ESG Investing: Practices, Progress, and Challenges
Bottom Line: Among a wide variety of institutions and firms, sustainable environmental, social, and governance (ESG) investing is rapidly increasing as a trend. For example, as of 2020, the amount of professionally managed portfolios that have integrated key elements of ESG assessments surpassed $17.5 trillion globally. Despite some current shortcomings, the evidence suggests that ESG can deliver high portfolio performance. Yet, there surely needs to be a more uniform system for ESG definitions and ratings among providers. While ESG methodologies are improving and becoming more transparent, such scoring remains in a state of transition, with some rating providers still in the way of refining their methodology through the inclusion of a variety of factors. The good news is that the ESG financial ecosystem is evolving, including issuers and investors who disclose and use information related to key ESG issues.
Forms of sustainable finance have grown rapidly in recent years, as a growing number of institutional investors and funds incorporate various environmental, social, and governance (ESG) investing approaches.
ESG investing has been spurred by shifts in demand from across the finance ecosystem, driven by both the search for better long-term financial value, and a pursuit of better alignment with values.
ESG has also recently garnered interest from the public sector, including central banks that have expressed support for ways to help transition financial systems toward “greener” low-carbon economies to combat climate change.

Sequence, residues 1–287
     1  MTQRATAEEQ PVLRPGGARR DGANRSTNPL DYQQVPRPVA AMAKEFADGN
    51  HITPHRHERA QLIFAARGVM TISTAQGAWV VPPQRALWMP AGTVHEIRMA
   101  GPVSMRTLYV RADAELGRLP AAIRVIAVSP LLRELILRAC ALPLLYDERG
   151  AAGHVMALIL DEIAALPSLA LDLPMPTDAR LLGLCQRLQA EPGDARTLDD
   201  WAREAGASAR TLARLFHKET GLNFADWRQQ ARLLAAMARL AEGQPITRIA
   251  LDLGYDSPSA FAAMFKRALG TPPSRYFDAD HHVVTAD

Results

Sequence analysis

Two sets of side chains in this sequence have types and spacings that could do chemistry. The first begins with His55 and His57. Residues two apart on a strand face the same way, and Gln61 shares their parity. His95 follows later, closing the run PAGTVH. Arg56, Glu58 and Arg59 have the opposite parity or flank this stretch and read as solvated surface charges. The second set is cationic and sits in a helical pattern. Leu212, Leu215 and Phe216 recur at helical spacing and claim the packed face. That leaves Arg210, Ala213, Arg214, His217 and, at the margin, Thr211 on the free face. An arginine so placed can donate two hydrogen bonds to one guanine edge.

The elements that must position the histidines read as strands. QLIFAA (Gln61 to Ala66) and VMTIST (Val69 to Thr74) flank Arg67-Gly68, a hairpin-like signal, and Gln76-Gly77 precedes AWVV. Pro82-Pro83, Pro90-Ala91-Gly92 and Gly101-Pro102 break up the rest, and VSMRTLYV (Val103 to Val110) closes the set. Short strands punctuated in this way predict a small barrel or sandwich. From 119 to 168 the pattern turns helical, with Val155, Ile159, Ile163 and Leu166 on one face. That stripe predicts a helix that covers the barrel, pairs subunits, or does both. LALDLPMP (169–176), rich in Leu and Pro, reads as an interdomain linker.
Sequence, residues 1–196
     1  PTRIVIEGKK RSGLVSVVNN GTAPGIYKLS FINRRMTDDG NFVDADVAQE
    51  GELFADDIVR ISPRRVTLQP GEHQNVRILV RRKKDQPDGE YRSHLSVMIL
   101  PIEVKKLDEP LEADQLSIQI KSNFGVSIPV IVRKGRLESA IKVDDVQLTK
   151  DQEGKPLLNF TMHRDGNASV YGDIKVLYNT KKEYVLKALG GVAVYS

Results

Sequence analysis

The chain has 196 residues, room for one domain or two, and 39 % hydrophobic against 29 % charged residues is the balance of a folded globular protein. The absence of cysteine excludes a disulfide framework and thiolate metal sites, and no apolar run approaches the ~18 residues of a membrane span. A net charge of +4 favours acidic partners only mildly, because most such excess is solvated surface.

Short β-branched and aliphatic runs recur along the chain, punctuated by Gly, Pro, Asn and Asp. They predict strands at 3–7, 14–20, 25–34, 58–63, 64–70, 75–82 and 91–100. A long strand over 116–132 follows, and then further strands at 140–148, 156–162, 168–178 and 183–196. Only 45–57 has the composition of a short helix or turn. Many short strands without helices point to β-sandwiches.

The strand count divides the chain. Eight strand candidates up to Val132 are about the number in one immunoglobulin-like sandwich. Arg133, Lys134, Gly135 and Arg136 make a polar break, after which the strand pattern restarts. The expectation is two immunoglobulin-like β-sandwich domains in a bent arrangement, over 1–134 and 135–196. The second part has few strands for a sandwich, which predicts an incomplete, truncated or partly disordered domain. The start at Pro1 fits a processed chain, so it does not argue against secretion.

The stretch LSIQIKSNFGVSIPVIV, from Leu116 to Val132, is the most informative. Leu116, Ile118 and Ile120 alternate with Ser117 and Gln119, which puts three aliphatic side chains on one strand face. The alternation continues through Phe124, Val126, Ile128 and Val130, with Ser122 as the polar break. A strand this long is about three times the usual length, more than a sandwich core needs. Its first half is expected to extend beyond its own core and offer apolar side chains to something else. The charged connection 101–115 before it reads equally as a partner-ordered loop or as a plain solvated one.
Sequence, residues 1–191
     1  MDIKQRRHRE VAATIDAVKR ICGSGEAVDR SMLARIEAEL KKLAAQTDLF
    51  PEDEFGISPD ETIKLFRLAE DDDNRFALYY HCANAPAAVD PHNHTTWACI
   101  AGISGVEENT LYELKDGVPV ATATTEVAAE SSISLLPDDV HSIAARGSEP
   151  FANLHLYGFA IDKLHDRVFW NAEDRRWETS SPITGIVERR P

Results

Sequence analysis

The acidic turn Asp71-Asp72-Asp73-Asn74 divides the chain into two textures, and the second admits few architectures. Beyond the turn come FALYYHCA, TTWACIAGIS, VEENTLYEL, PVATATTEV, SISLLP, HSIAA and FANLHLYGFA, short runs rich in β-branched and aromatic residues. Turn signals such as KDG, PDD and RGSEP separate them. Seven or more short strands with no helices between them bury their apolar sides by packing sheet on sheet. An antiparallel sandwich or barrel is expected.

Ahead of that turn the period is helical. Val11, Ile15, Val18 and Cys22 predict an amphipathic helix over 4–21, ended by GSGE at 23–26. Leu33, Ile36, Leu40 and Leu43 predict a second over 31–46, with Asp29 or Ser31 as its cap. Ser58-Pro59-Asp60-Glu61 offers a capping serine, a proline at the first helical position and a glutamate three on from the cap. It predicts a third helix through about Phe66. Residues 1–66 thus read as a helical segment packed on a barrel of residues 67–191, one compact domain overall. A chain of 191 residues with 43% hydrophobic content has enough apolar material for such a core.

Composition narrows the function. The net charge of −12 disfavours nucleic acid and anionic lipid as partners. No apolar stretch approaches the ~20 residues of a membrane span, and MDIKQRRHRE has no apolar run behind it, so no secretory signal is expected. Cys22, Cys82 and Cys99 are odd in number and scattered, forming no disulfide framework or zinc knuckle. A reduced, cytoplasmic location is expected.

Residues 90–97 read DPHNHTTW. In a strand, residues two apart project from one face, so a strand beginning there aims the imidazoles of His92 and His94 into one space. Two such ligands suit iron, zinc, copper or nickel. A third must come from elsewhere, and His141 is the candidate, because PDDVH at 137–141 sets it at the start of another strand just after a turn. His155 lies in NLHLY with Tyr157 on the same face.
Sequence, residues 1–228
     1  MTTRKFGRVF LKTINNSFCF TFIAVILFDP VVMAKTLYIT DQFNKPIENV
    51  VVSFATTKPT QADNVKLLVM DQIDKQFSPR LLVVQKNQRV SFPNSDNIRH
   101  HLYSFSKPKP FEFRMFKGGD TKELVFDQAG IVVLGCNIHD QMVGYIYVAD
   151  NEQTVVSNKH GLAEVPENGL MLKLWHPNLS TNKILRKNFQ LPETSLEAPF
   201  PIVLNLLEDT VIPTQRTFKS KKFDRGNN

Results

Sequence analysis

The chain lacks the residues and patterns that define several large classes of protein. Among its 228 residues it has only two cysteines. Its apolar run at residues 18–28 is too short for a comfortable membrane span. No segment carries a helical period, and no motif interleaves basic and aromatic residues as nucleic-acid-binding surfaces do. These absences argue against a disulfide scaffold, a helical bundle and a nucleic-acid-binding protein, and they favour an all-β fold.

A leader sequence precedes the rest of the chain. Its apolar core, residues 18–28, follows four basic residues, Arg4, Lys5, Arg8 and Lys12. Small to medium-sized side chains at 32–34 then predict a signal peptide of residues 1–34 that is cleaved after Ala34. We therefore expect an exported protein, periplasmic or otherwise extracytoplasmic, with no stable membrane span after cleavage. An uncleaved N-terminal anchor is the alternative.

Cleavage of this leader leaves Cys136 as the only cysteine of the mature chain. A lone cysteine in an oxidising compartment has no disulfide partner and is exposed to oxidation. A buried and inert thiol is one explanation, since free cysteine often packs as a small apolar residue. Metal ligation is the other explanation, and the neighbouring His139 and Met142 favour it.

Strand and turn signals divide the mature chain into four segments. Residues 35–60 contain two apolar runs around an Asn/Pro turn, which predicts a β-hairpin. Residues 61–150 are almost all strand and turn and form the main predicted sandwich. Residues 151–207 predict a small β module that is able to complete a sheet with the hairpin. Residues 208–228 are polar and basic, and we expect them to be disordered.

At a basic level, we can sum up ESG in the climate and energy space as wind and solar energy displacing fossil fuels and electric cars displacing internal combustion engine ones that run on oil-based gasoline.
This study provides an overview of concepts, assessments, and conducts quantitative analysis to shed light on both the progress and challenges with respect to the current state of ESG investing.
The analysis highlights the wide variety of metrics, methodologies, and approaches that, while valid, contribute to disparate outcomes, adding to a range of ESG investment practices that, in aggregate, arrive at an industry consensus on the performance of high ESG portfolios, which may remain open to interpretation.
Generally, there are problems to be solved but ESG scoring and reporting has the potential to unlock a significant amount of information on the management and resilience of companies when pursuing long-term value creation.
The investment community must get on the same page in terms of what actually defines ESG.
Progress to strengthen the meaningfulness of ESG investing calls for greater efforts toward transparency, consistency of metrics, comparability of ratings methodologies, and alignment with financial materiality.
For example, while ESG methodologies are improving and becoming more transparent, scoring remains in a state of transition, with some rating providers still in the way of refining their methodology.
Further efforts are needed to strengthen ESG practices so that they are consistent and comparable at the global level involving policy-makers, the financial industry, end-investors and other stakeholders that are helping to shape ESG practices.
Read the full study here.
Drivers of ESG Integration
- ESG issues – including risks and opportunities – can affect the long-term performance of issuers and should therefore be given appropriate consideration in investment decisions.
- The growth in use of ESG disclosure, ratings, and various types of ESG related funds has invited greater scrutiny from a range of market practitioners, and there is a growing awareness from within the industry that ESG investing practices need to evolve to meet the expectations of its users and to sustain trust.
- The ESG investment community clearly needs better and more uniform methodology in terms of what actually defines ESG: ESG ratings can vary greatly from one ESG provider to another.
- Asset concentration associated with tilting portfolios toward high scoring ESG issuers can, depending on the conditions, affect volatility, risk-adjusted returns, and drawdown risk.